Editor’s Note: Angela Shanahan astutely unveils ideological narratives shaping our common discourse and the creeping censorship in Australian society. View the original article at The Australian here and subscribe to The Australian here.
Do readers remember when the term “political correctness” was on every conservative’s lips and at the fingertips of every commentator? That term, used as a phrase to denote intimidatory “right think”, is unfortunately fast leaving the lexicon. This is because so much of what was once scoffed at as political correctness has been absorbed into the mental and psychological landscape.
Today almost every political and social problem is looked at through a set of ideological prisms, and opinions on even the most serious issues are conveyed through a menu of acceptable tropes. The result is superficial, ideologically motivated mumbo jumbo.
Take violence against women. Lately the union boss John Setka got himself into a lot of trouble about this issue. Why? Not just because he himself has been charged with harassing a woman through phone and text messages, nor because he has publicly threatened Australian Building and Construction Commission inspectors, claiming their children will be made to feel “ashamed” of them, nor because he is the boss of a union that has used systematic bullying at building sites for years.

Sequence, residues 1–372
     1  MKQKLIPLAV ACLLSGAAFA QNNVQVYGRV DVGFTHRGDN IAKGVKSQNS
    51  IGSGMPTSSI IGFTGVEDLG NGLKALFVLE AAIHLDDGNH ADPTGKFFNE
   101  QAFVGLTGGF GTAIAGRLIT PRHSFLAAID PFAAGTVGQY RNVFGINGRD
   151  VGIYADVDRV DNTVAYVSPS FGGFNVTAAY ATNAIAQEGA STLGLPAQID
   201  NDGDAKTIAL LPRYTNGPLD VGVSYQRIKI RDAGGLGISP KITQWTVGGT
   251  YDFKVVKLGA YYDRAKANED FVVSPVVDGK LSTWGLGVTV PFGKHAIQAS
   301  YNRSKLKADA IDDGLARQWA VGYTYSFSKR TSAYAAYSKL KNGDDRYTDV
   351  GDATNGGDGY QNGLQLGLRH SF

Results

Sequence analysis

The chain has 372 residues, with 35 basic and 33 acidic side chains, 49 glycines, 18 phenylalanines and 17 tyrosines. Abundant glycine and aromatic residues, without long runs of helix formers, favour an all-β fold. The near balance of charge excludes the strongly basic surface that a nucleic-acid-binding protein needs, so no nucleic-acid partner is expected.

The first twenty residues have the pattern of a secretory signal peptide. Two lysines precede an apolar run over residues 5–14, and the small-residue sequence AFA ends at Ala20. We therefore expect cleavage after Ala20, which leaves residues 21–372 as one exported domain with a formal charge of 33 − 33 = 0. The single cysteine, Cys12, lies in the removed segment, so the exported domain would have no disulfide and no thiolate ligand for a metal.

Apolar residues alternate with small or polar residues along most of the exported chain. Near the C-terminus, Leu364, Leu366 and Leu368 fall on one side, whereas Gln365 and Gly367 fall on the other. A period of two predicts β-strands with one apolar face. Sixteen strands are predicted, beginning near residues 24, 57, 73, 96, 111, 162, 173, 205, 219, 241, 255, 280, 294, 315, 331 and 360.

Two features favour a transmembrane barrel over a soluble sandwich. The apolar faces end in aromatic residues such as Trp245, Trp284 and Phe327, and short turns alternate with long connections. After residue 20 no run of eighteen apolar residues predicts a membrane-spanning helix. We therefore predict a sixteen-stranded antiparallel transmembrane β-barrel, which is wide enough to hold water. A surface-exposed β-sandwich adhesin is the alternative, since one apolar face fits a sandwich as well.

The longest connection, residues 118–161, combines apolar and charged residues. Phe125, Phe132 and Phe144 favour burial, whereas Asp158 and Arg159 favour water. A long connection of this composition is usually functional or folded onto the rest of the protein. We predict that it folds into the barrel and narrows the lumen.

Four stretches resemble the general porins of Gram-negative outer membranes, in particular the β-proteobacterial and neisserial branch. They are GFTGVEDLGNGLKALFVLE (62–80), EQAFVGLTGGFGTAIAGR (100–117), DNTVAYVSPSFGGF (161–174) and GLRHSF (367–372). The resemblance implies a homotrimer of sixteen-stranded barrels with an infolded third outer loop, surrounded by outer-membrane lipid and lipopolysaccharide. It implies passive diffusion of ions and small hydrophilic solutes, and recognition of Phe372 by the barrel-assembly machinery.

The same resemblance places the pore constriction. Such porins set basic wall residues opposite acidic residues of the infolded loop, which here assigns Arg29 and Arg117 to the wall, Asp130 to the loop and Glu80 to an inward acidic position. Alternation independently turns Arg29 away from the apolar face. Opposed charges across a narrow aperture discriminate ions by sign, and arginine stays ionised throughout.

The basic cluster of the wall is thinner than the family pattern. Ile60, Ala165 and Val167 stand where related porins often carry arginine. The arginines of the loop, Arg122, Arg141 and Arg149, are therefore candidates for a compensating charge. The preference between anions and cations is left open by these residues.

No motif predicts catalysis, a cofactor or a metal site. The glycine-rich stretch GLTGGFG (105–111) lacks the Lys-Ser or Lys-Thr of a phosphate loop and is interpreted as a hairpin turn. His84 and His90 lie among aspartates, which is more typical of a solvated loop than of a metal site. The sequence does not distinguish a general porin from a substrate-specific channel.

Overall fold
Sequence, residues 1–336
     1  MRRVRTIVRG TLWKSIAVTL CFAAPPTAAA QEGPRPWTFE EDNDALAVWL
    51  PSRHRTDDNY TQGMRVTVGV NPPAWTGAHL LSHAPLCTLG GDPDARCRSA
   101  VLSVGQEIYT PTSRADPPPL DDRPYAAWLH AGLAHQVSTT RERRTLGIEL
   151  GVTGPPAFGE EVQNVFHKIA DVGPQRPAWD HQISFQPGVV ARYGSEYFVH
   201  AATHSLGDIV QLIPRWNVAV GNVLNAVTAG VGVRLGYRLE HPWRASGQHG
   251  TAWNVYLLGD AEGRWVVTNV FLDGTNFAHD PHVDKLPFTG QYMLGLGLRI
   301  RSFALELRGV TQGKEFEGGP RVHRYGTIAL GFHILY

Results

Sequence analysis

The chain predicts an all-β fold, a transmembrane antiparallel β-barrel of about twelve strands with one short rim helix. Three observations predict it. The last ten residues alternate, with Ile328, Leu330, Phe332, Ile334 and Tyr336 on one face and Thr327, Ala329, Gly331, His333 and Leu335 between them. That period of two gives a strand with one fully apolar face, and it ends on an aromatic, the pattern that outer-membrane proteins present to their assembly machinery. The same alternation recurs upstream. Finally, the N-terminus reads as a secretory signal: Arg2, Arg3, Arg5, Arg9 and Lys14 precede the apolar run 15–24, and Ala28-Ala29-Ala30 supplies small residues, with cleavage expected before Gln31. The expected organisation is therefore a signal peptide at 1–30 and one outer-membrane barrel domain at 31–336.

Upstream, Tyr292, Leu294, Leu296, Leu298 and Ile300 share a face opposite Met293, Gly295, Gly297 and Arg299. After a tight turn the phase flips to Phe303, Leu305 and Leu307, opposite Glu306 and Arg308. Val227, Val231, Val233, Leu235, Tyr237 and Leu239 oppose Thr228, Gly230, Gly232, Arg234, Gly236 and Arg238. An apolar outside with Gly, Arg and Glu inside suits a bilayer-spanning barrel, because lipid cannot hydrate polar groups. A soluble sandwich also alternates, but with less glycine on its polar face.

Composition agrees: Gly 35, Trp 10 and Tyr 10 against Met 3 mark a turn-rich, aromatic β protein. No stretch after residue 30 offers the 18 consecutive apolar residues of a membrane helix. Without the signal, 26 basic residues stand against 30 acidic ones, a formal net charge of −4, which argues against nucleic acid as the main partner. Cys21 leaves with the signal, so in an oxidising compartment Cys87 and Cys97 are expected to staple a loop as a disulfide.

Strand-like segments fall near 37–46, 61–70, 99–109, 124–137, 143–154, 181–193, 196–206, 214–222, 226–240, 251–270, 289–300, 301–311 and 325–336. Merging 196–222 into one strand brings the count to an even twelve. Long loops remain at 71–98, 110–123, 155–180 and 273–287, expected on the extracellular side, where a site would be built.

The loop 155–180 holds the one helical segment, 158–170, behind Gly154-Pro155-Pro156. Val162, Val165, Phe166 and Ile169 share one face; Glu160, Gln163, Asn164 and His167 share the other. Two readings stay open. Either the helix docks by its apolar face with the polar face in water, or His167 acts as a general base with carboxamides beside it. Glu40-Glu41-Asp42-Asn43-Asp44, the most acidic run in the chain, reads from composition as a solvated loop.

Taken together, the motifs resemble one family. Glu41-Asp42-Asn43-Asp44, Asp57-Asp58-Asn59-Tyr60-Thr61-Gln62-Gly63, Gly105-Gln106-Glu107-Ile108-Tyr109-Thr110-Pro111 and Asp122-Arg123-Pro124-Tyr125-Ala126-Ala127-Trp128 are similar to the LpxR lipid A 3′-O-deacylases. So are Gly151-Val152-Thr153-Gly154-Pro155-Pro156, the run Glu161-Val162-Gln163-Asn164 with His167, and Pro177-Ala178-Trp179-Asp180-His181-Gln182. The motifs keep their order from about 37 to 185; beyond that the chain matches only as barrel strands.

No, this is not why Setka has been threatened with expulsion from the ALP and his job. It is because he was perceived to criticise Rosie Batty, whose campaign against gender-based domestic violence has turned her into an untouchable icon of the virtuous right-thinking elite. Does anyone see the irony of this?
Of course, no one should criticise Batty, who had the hellish experience of seeing her child killed by his mentally deranged father. Her son was the victim of the most appalling laxity on the part of the police. Her husband had four outstanding arrest warrants and two intervention orders against him. He should not have been let loose to murder that child. At the inquest the police lack of action was criticised by the judge as revealing “a disturbingly relaxed attitude and a failure to accord an appropriate degree of urgency to the situation”. Obviously.